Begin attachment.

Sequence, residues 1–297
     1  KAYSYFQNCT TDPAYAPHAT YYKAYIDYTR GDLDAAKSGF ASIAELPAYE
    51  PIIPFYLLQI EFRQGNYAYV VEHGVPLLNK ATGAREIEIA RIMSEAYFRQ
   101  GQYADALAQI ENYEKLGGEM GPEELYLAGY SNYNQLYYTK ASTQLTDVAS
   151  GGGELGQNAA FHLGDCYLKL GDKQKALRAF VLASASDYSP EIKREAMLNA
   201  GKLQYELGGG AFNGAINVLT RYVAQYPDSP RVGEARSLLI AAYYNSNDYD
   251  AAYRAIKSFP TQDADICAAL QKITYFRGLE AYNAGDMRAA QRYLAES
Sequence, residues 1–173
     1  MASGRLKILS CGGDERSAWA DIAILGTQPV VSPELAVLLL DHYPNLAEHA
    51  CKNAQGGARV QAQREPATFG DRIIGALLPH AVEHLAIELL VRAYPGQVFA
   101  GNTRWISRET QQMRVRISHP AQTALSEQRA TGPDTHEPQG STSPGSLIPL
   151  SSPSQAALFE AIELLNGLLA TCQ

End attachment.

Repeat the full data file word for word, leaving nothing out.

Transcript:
Sequence, residues 1–297
     1  KAYSYFQNCT TDPAYAPHAT YYKAYIDYTR GDLDAAKSGF ASIAELPAYE
    51  PIIPFYLLQI EFRQGNYAYV VEHGVPLLNK ATGAREIEIA RIMSEAYFRQ
   101  GQYADALAQI ENYEKLGGEM GPEELYLAGY SNYNQLYYTK ASTQLTDVAS
   151  GGGELGQNAA FHLGDCYLKL GDKQKALRAF VLASASDYSP EIKREAMLNA
   201  GKLQYELGGG AFNGAINVLT RYVAQYPDSP RVGEARSLLI AAYYNSNDYD
   251  AAYRAIKSFP TQDADICAAL QKITYFRGLE AYNAGDMRAA QRYLAES
Sequence, residues 1–173
     1  MASGRLKILS CGGDERSAWA DIAILGTQPV VSPELAVLLL DHYPNLAEHA
    51  CKNAQGGARV QAQREPATFG DRIIGALLPH AVEHLAIELL VRAYPGQVFA
   101  GNTRWISRET QQMRVRISHP AQTALSEQRA TGPDTHEPQG STSPGSLIPL
   151  SSPSQAALFE AIELLNGLLA TCQ